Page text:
With an installation that combines touch, sound recordings and discarded materials, Dylan Martorell will create a sculptural instrument for multiple users in, based on a piece he is currently exhibiting at the Kochi Muziris Biennale in India.
Launching at 7pm, visitors are invited to Campbell Arcade to create improvised performances with the installation throughout White Night Melbourne, bringing the instrument to life with the sonic palette of Martorell’s recent recordings from the Indian state of Kerala. Visitors will journey through a soundscape of morning crows, hungry goats, elephants’ feet dragging chains, wet clothes hitting rocks, bicycle bells, cat fights, falling coconuts, broken fans and Indian instruments such as the Jal Tarang and the Taal Tarang.
Transience, improvisation and collaboration form the basis of Dylan Martorell’s music-based art practice. Housed within the conceptual framework of a musical diaspora, his work is inspired by the ways in which music travels through space and is affected by changes in geography, climate, culture and materials to become an agent for cross-cultural reciprocation.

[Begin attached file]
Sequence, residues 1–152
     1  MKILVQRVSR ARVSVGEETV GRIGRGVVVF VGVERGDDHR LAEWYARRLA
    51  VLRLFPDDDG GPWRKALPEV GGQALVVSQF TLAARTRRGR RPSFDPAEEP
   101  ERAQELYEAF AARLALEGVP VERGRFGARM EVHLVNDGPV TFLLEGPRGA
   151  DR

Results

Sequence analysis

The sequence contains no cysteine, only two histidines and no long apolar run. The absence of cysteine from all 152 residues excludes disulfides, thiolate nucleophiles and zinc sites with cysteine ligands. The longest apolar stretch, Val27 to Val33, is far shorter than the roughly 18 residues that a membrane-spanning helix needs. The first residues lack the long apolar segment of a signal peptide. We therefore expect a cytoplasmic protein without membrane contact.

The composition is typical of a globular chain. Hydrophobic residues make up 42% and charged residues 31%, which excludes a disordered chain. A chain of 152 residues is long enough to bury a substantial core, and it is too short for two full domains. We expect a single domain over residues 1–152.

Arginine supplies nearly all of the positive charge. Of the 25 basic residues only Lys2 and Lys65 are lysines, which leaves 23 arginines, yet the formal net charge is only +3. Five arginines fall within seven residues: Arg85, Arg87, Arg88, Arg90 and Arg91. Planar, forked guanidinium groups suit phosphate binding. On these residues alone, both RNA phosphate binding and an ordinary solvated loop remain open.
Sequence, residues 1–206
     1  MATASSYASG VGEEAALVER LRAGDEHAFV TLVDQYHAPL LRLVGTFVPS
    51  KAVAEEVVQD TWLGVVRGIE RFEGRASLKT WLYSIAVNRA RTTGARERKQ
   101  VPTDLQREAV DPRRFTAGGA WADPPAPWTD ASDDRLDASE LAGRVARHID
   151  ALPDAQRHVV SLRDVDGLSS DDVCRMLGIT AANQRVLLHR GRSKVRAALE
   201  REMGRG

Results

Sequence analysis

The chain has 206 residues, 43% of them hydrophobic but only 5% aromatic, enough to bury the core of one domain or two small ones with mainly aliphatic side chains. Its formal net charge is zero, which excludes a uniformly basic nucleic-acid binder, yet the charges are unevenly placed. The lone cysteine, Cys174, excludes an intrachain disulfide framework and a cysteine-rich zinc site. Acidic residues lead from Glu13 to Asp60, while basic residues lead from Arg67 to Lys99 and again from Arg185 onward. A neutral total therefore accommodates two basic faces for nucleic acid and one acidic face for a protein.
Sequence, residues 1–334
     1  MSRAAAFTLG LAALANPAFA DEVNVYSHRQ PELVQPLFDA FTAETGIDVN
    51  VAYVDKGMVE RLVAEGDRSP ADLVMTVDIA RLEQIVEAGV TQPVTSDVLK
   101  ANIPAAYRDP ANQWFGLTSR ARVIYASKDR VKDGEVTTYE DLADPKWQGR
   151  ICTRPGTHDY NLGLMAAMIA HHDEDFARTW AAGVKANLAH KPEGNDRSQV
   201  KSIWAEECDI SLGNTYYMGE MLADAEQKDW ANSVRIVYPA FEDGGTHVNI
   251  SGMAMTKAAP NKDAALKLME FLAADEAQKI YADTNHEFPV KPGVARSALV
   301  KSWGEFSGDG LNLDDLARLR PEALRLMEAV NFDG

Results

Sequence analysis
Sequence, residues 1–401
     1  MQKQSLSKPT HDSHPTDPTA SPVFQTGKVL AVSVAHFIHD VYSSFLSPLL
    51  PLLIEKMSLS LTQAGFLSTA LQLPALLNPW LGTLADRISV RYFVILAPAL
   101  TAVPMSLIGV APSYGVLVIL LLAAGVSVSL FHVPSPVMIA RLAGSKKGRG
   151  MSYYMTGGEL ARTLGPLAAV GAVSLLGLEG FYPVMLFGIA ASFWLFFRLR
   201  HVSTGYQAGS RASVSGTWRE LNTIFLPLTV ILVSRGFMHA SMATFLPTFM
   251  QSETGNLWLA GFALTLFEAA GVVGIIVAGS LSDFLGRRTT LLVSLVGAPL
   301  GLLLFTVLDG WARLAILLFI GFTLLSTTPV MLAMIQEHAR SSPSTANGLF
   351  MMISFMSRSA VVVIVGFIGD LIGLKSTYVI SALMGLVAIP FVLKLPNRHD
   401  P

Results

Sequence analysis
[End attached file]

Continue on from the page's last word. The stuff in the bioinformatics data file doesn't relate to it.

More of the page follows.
Focusing on the use of site-specific gleaned materials and incorporating elements of upcycling, DIY electronics, robotics and alternative power sources, Martorell’s recent projects conducted in India, Thailand, Indonesia, Singapore and Australia have explored concepts of transience, portability and sustainability.
DATE AND TIME
Saturday 23 February 2013
7:00 pm - 7:00 am
PRESENTED BY NATIONAL GALLERY OF VICTORIA
Martorell’s practice is primarily concerned with the human trail evident in our refuse. To create his multifarious sound installations Martorell up-cycles this detritus, giving new life and function to discarded materials.
Martorell’s installations often take the form of electro-acoustic instruments featuring found and handcrafted elements that extend into magical assemblages of sound, costume and other apparatus and exist well beyond the confines of the gallery.
For White Night Dylan has proposed a performance of robotics and touch based sampling, which he is currently developing for the Kochi Biennale.
Robotic percussion instruments where created with the assistance of